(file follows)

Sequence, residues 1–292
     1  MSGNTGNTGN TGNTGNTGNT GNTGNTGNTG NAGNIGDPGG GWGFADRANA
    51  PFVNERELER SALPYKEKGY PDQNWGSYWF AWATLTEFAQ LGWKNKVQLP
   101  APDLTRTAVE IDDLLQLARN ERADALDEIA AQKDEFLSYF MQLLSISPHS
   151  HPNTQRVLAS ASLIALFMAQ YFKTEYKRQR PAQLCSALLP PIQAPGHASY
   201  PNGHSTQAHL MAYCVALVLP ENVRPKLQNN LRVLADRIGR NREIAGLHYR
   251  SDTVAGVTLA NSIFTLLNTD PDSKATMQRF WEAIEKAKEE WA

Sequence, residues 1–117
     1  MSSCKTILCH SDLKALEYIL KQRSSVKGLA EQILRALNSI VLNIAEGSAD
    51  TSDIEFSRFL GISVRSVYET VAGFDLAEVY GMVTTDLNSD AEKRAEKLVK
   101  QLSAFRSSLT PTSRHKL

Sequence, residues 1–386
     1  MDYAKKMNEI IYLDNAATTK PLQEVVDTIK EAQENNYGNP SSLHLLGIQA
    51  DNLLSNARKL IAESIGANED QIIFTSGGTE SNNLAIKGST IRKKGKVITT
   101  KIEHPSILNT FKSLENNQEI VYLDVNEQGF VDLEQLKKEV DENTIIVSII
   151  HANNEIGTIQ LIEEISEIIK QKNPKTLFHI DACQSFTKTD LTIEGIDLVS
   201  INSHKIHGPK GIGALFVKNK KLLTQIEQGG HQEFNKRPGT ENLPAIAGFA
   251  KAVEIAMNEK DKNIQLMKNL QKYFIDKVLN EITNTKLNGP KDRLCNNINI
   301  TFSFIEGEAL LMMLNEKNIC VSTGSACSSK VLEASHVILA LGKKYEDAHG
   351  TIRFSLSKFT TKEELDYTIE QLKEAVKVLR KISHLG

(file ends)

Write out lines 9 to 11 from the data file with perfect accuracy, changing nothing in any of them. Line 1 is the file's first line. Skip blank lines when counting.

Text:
     1  MSSCKTILCH SDLKALEYIL KQRSSVKGLA EQILRALNSI VLNIAEGSAD
    51  TSDIEFSRFL GISVRSVYET VAGFDLAEVY GMVTTDLNSD AEKRAEKLVK
   101  QLSAFRSSLT PTSRHKL